How Likely Arsenal Were to Score from Varying Distances Based on 2010//11 OptaPro Data.

The data is quite naturally sparse as we move further from the goal and the line of best fit is only a approximation,but van Persie's preeminence amongst his team as a prolific converter of chances is confirmed.His projected conversion rate is superior for the entire range of distances from the penalty area and beyond.If goalscoring is a talent,this graphic demonstrates that van Persie certainly possess it and given the choice of a chance falling to either him or a another random Arsenal player,van Persie should be the choice.

Again this merely confirms RvP is an excellent striker and we already knew that,but the second graphic may go someway to shedding new light on how he is so successful.A large proportion of van Persie's goal attempts are made close to the goal,25% are within ten yards and the closer you are to a target the easier it is to hit it.If we run another regression on how likely it is a shot will hit the target with varying distance,we see that van Persie is actually less accurate than his teammates at most shot distances.His overall superior accuracy of 50.6% compared 49.1% that we saw in the first table results from his shots on average originating from closer to the goal than those attempts from other Arsenal players.

How Likely Arsenal Were to Hit the Target from Varying Distances Based on 2010//11 OptaPro Data.

So now as an Arsenal fan if you want to see the opposing keeper have to attempt a save you are slightly better off if the chance falls to a random Arsenal attacker or midfielder rather than the team's consistent leading scorer.

These results are from one season and just one team,so they may not be repeated over other seasons or in larger sample sizes,but potentially we have a tremendously talented striker who is better than his teammates at converting chances regardless of shot distance.However,he is also more likely to miss the target completely than are a group of comparable colleagues at all distances until the rates converge around 30 yards from goal.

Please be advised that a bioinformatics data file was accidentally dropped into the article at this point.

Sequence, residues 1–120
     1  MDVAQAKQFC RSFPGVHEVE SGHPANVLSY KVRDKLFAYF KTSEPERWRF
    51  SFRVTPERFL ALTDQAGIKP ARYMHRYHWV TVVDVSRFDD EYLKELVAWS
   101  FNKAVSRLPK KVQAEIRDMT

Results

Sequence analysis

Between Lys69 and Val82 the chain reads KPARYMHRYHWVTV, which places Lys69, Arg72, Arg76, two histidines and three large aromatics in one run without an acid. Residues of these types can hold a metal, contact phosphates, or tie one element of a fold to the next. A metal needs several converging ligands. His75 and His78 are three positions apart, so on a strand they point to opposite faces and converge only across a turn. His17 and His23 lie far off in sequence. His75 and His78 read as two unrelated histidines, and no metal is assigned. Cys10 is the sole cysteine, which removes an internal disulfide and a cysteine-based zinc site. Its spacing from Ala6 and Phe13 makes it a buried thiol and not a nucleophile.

One of the qualities that former England coach Sven Goran Eriksson looked for in his players was an absence of fear of failure and perhaps the numbers we are seeing here shows that van Persie has this trait.His "poorer" accuracy at all distances compared to his colleagues may be because he is prepared to shoot early or aim for the areas of the goal where the margins for error are small.His more conservative teammates may be inclined to play safer and be content to initially force the goalie to make a save.Van Persie's longterm payoff from being free of any anxiety caused by an increased "failure" rate for accuracy may be an increased successful goal conversion rate because his on target shots are more difficult to anticipate or save.

We are conditioned to look at performance indicators and assume that increases in efficiency is always the way to go,but perhaps in the case of goalscoring an inferior rate of shooting accuracy is actually the driving force behind an increase in the ultimate aim of increased goal conversion rate.Is the coach's maxim of "Don't be afraid to miss" being embraced by the very best?